Thursday, July 28, 2005

The Scandinavian Welfare State: “Official figures do not tell the whole story”

Via Finland for Thought:

“Official figures do not tell the whole story”

You seem to believe that the Scandinavian social model is tantamount to stopping growth and progress. Why is this? Sweden had the second highest growth rate in the world from 1890 to 1950, but since the tax rate rose from 20 % in 1950 to 50 % in 1980 we have fallen behind. For example, according to the Organisation for Economic Co-operation and Development (OECD), Sweden was the fourth richest country per capita in the world in 1970 whereas now it is down to number 14. It is no coincidence that an increase in taxes and the size of the state has resulted in a slowing down of economic growth, both in Scandinavia and the rest of Western Europe. We do not have the highest living standards in Europe. True, we still live off the successes that took place before the state and taxes grew, but we are falling behind. Only one of the 50 largest Swedish companies came into existence after 1970, for example. And the low growth rate is apparent in everyday life; you have to wait for years to have treatment under the national health system. If we look at employment, which is important for people's welfare, it has decreased for four years in a row in Sweden. Only 3 million of our population of 9 million go to work on an average working day.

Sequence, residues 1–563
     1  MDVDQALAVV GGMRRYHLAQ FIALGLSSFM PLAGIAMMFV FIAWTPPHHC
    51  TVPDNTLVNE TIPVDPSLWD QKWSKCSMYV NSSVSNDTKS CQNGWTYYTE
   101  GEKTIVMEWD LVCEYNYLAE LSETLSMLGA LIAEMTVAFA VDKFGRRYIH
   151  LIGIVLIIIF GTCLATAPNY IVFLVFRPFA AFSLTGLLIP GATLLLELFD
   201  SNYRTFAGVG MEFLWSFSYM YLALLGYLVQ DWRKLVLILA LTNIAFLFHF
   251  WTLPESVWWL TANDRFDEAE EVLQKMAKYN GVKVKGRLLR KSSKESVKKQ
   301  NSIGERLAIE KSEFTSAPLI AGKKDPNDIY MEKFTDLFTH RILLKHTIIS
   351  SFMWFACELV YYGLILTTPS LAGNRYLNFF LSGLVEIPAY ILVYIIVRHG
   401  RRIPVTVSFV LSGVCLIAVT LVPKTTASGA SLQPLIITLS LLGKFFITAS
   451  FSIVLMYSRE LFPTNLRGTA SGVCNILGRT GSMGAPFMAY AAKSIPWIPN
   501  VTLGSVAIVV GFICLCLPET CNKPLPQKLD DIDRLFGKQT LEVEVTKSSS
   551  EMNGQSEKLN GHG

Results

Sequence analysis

At July 29, 2005 1:49 PM, Blogger Thomas Bolding Hansen said...

The huge taxes are indeed a part of the problem, but so is the sometimes strangling bureacracy and tangled web of rights, government should be kept small, taxes low, law and priveleges on a basic level.
We need a much smoother operation of the welfare system, That is to imply, that the welfare system has something good also which should be preserved. But all within limits and where it serves people right.


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